Individuals it’s impossible to make happy, and civilisations – civilisations are not to be tampered with, for each must go its own way, progressing naturally from one level of development to the next and having only itself to thank for all the good and evil that accrues thereby. For us, at the Highest Possible Level, there is nothing left to do in this Universe, and to create another Universe, in my opinion, would be in extremely poor taste.

The collective is seen to be imperfect and not the solution for everything, and yet in one of the stories, when the cheeky inventors create interlocking armies for two opposing rulers which should technically be unbeatable as they create a huge unit, it is the unified armies that realise they hold control within their power and overthrow the tyrants – obviously an allegory for what the Soviet-controlled societies could achieve if they worked together.

You mustn’t think, said Trurl, that your way of thinking is altogether new to me. Indeed, it’s well known that whatever comes in sufficiently large quantities commands the general admiration. For example, a little stale gas circulating sluggishly at the bottom of an old barrel excites wonder in no one; but if you have enough of it to make a Galactic Nebula, everyone is instantly struck with awe. Though really, it’s the same stale and absolutely average gas – only there’s an awful lot of it… I do not share your faith in the glory of great numbers when there is nothing more to them than what may be counted.

Of course, the monolithic Soviet system was perpetuated very much by bureaucracy, and in one story, a hostile machine is defeated by that very entity:

Basically, my dears, the whole thing was quite simple: the moment it accepted the first dispatch and signed for it, it was done for. I employed a special machine, the machine with a big B; for, as the Cosmos is the Cosmos, no-one’s licked it yet.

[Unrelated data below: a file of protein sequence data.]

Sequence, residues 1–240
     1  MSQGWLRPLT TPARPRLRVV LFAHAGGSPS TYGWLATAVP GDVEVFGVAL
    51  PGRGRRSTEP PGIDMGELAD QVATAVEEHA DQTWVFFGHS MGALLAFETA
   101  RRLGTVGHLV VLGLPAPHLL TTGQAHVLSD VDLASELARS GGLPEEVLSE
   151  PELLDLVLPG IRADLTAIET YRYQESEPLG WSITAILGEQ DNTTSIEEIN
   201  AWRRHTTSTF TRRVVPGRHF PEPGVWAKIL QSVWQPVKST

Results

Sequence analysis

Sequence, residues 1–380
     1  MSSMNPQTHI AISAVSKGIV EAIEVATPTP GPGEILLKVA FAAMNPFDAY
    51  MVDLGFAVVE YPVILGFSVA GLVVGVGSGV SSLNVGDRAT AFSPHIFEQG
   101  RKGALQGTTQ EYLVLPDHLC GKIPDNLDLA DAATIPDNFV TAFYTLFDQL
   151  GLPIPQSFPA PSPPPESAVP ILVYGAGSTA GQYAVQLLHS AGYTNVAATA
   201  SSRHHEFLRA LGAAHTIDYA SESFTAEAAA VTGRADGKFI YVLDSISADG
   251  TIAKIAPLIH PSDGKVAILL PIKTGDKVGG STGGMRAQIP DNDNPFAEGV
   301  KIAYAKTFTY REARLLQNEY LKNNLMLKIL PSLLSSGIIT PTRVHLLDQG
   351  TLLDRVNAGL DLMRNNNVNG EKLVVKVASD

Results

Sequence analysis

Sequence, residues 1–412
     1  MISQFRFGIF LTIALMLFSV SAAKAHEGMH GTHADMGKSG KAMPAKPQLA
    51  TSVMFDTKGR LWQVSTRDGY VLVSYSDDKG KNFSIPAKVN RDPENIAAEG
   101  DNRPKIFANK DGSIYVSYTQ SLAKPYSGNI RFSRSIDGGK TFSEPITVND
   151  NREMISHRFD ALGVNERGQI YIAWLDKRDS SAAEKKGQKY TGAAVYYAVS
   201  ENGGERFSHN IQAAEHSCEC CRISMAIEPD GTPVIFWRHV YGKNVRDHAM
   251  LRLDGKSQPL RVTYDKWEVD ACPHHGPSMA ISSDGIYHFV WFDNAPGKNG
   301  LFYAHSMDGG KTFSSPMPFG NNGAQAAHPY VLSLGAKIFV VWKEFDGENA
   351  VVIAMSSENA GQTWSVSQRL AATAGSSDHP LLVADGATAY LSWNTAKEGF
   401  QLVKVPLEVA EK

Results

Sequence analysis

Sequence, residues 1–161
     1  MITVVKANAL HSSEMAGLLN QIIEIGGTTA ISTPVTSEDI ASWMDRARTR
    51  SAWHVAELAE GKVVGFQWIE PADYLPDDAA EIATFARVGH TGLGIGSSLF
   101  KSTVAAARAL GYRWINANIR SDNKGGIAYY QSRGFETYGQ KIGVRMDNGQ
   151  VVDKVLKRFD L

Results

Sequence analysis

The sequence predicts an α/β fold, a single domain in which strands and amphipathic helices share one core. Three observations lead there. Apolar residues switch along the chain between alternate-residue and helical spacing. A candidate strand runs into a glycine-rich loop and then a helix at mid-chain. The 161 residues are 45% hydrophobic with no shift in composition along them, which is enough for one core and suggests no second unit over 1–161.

It would be easy to read the tales here as simply an entertaining mixture of scientific bumbling and political commentary. However, it’s always worth bearing in mind the harsh regime under which the stories were written; Lem sold millions of books and has been hailed as the most famous Polish writer, but during his lifetime his stories were dismissed as mass market, lowbrow works which probably helped him to slip under the radar of the censors. There is much here about the human condition, about the way people will behave when survival is at stake and about how human beings are not fit for the perfect world – if we had everything what would we aspire to?

There was no need, of course, for him to tell me that plenitude, when too plenitudinous, was worse than destitution, for – obviously- what could one do, if there was nothing one could do?

In its imaginative sweep and breadth of vision, “The Cyberiad” reminds me of nothing less than Calvino’s wonderful Cosmicomic fables, and both works share a philosophical wish to make human beings think about the way they live and the cosmos they live in. Reading “The Cyberiad was an exhilarating experience and I’ll be on the lookout for more of his work.

These are a few of my favourite things… beginning with C!